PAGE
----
(Garrett Estrada photo) Jay and Sam Derbidge stand outside one of their towing trucks. They take calls up to 200 miles out on remote rural highways.

(Garrett Estrada photo)
Jay and Sam Derbidge stand outside one of their towing trucks. They take calls up to 200 miles out on remote rural highways.

Hooking up a vehicle to a tow truck next to a two lane highway where every car is going at least 70 miles per hour is not the safest job in the world. Jay and Sam Derbidge, local brothers in the towing business for the last several years both said that drivers on Nevada’s rural highways not paying attention or giving them enough room to do their job is their biggest fear when taking a call. According to Jay Derbidge, there is a reason for that.

“At least one tow truck driver a day is killed on the side of the road from someone not pulling far enough aside. I want to go home to my kid at the end of each call. I urge people to watch for the lights on the truck when they are driving, especially at night,” Jay Derbidge said.

His brother nodded in agreement inside their office next to the garage they do some contract work with state.

“It’s now a law that you have to pull over away from lights on the side of the road on these highways,” Sam Derbidge adds.

But despite the dangers of the job, or the erratic sleep schedule one has to work around with being on call at a 24 hour towing company, both brothers said that they enjoy the work they do, and that it can often be fun.

“Pulling a semi is fun,” Jay Derbidge said. “We once pulled up on a toppled semi carrying toilet paper rolls big enough for Paul Bunyon. Another time we hooked up  a semi that was carrying $250,000 worth of bees. Even wearing a bee suit I must’ve gotten stung at least 30 times.”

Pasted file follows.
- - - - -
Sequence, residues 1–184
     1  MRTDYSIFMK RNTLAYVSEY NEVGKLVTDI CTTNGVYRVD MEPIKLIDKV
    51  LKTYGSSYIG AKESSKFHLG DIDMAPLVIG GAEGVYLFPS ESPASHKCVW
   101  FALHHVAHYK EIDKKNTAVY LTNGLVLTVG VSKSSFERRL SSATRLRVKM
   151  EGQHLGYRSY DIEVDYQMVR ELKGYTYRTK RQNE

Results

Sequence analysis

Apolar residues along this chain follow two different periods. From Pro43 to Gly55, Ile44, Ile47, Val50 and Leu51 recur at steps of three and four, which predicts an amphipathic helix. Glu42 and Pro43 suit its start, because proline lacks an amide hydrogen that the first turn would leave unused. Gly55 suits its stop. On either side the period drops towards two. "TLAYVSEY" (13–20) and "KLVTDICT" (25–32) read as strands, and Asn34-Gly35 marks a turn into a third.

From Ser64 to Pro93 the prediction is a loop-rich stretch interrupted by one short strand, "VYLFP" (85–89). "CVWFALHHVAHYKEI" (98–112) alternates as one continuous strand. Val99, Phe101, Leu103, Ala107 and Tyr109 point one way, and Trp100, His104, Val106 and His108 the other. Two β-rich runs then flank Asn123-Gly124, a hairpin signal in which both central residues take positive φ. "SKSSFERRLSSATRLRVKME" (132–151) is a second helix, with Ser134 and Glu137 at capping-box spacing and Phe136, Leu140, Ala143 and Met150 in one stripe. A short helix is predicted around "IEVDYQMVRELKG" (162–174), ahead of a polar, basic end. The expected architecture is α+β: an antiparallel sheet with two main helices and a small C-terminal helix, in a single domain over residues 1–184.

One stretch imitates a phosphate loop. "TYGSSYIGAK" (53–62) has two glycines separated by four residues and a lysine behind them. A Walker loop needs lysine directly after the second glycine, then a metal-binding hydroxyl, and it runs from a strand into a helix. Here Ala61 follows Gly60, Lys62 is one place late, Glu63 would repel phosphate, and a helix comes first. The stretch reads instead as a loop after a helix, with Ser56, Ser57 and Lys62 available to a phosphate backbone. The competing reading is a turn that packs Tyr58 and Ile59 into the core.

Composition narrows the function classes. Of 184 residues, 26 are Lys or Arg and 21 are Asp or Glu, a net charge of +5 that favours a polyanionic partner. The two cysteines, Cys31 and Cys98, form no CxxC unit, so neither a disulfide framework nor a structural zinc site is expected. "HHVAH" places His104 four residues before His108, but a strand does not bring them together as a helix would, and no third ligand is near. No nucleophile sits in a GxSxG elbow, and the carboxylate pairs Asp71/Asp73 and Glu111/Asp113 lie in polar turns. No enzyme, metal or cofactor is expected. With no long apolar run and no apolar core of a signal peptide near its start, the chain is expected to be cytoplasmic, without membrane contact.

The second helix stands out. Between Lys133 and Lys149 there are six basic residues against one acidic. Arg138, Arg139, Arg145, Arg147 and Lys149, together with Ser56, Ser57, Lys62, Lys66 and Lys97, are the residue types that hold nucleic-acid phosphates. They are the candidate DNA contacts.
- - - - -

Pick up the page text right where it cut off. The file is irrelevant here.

Sam Derbidge laughed at the memory, noting how their father made fun of them for buying bee suits after they hooked up a semi carrying empty bee hives.

“I said even if we never open them, I’m bringing them with me just in case,” Jay continued.

Semi’s only make up about 20 percent of their overall business. Most of the time they are just picking up someone who’s car broke down on the side of the road. As it turns out, the long drives both to and from hooking a car up end up being the Derbidge brothers favorite parts of their job.

“You meet some really cool and interesting people,” Jay said.

“And the drives can be pretty scenic. I’m grateful that we are in the prettiest part of the state,” Sam said.

Despite the name Battleborn Restoration and 24 towing, they strictly tow these days. Jay Derbidge, who used to do the restoration end of the business said he decided three years ago to stop restoring cars commercially due to the length of the projects.

For more information about Battleborn Restoration and 24 Hour Towing, call 775-289-8550.